Unfortunately, because this condition affects what's inside the body, it is not always visible to those around us.

As our bodies break down, the few treatment options are only supportive: surgery, braces, and mobility aids like walkers and wheelchairs frequently become a part of who we are, often well before 'our time'. I'm 32 and I use a walker and 6 braces. Some people end up in wheelchairs by their 20s, 30s, or 40s. Many endure dozens of surgeries before they reach middle age.

Since we can't use braces all the time (it would cause muscle atrophy), most doctors are hesitant to perform surgery until the problem becomes serious (there's only so many times you can tie a rubber band back together before you run out of space), and using a walker or wheelchair in a house can be more trouble than it's worth (like walking 20 feet to a bathroom), there will always be times when we can't avoid problems. Nothing like waking up to a dislocated rib, wrist, hip, or knee. Just getting out of bed can require the 'hand bone connected to the arm bone' form of anatomy lessons.

Or on a good day we can try doing a simple task, like walking to the mailbox, without using a mobility aid. Sometimes that's okay, but just by losing focus and taking one wrong step we end up in a world of hurt.

Some days it might be impossible for us to function. If we use our energy to make dinner we might not have enough energy to actually eat it. Getting out of bed, putting on clothes, and walking into the living room can require a nap to recharge. Some days our symptoms can be mild enough to run errands or even hold down a job; for some of us those days are few and far between. Many of us weren't diagnosed until we went from being 'okay' enough to appear normal, to being unable to ignore the symptoms. I wonder if I had known earlier, would I have been able to take it easy on myself so I wouldn't be incapable of working by 30?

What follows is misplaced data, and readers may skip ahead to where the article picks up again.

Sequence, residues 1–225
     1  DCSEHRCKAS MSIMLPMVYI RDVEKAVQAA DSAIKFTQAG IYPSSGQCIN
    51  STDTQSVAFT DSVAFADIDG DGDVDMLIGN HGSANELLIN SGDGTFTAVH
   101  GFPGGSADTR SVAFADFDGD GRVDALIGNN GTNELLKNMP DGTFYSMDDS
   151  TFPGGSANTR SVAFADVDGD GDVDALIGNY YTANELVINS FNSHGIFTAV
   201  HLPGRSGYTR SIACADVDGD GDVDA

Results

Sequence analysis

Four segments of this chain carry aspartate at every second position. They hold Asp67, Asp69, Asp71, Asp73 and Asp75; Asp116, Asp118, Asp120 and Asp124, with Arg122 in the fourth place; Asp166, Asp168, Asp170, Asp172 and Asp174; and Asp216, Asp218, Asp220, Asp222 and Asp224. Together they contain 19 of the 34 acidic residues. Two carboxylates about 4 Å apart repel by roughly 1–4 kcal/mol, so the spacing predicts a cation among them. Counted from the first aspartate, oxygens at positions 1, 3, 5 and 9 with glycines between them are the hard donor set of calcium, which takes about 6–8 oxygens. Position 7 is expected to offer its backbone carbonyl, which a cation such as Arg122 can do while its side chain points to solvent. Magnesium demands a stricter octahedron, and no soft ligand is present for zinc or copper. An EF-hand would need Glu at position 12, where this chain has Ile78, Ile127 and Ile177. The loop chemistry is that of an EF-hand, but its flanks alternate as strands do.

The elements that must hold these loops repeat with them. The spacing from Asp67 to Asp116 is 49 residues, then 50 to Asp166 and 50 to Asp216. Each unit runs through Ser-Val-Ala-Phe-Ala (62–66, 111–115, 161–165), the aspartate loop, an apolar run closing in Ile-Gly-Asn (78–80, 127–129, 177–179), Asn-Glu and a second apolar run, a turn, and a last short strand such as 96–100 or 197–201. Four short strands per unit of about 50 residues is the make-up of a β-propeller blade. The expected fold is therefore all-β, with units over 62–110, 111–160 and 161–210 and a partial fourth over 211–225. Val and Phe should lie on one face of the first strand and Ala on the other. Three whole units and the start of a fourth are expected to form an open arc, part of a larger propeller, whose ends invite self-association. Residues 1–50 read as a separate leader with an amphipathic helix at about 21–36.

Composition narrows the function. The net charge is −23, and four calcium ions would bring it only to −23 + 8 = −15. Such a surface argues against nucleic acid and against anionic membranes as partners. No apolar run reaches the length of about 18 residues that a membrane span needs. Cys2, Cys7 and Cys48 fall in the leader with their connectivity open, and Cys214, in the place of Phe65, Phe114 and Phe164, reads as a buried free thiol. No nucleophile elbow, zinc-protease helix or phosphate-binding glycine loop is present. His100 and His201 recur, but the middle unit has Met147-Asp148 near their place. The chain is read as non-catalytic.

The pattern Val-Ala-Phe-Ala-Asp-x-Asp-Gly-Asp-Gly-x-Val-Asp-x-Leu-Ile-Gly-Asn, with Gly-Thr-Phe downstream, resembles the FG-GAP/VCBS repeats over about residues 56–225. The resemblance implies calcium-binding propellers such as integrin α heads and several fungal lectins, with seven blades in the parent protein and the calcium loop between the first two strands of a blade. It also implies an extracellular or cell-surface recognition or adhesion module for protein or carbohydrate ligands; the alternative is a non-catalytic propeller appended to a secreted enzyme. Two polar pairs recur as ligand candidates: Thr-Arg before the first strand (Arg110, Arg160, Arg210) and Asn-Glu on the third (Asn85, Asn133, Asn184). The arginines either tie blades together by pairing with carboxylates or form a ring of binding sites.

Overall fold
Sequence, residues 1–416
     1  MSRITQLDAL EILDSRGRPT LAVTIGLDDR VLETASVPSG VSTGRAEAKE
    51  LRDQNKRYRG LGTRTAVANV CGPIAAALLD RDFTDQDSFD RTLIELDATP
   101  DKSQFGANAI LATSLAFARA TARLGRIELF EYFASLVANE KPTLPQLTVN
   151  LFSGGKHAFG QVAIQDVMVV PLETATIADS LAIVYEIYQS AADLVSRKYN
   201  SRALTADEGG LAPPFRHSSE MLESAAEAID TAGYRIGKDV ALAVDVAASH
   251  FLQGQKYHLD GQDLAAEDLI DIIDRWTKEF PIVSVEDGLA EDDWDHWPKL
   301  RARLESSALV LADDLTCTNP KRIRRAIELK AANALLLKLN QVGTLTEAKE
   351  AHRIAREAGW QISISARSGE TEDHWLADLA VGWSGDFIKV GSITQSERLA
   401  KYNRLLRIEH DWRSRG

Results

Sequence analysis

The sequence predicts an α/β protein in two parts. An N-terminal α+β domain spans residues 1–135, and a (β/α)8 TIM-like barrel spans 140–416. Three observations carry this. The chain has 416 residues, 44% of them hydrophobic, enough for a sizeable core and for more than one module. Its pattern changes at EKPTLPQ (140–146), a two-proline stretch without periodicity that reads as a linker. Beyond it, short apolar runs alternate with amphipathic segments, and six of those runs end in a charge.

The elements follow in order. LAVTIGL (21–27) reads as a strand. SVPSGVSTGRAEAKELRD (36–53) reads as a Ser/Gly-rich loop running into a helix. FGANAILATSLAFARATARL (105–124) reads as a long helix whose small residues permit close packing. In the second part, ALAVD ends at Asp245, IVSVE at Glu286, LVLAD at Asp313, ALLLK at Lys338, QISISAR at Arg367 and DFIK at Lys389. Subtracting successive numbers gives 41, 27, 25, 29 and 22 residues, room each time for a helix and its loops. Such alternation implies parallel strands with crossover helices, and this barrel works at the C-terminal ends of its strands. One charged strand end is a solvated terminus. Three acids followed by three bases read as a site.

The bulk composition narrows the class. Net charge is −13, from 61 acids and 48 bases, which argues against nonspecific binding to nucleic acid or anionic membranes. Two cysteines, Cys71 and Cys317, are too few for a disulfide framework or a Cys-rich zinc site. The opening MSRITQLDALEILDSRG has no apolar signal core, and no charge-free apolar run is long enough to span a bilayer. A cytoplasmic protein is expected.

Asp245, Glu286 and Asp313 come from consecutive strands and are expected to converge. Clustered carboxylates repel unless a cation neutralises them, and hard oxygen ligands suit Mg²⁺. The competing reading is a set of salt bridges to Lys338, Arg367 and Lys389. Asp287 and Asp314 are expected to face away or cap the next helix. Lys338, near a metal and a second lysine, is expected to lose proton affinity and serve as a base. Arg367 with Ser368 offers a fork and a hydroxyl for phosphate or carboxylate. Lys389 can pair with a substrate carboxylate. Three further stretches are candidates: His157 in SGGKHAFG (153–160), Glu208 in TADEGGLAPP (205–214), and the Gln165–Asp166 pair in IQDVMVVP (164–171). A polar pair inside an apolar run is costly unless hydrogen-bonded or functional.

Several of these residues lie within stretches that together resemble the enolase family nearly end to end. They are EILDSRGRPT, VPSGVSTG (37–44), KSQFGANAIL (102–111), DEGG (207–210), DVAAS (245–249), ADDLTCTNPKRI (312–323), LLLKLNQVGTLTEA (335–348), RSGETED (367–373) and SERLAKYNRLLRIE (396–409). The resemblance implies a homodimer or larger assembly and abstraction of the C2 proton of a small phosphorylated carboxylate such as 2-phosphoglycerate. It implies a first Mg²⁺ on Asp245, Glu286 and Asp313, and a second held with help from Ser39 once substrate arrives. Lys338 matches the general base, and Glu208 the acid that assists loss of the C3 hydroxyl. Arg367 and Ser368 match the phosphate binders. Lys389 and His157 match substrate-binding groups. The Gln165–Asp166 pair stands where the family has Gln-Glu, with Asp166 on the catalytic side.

(Click here to see full sized image: www.facebook.com/photo.p

(Click here to see full sized image: www.facebook.com/photo.p

People who knew us before often think we'll get better and be back to who we used to be. Eventually they forget about us. Others try to understand but become overwhelmed by knowing we must change what we focus on in our lives in order to make it from day to day. Some of us have the support of our loved ones and a few friends to take care of us; too many of us have no one (me included).

(Click here to see full sized image: www.facebook.com/photo.p

We zebras fight every day to overcome our challenges. We endure not only our symptoms, co-morbid conditions, and the ignorance of those in the medical community who don't understand us, but we are challenged by people who are prejudiced, inconsiderate, and ignorant to our plight. We need people we can count on to help with the little things, to support us when we need it, and to remind us that we are loved and valuable. Sometimes we need someone to pick us up and help us move forward.

It hurts to be judged and berated by people who stare, comment rudely, or ignore us when we ask for help. We are discounted when people tell us "that isn't possible" or "but you look fine". Some of my fellow zebras have had terrible things said to/about them by a person who refuses to pause and learn our truths.

(Click here to see full sized image: www.facebook.com/photo.p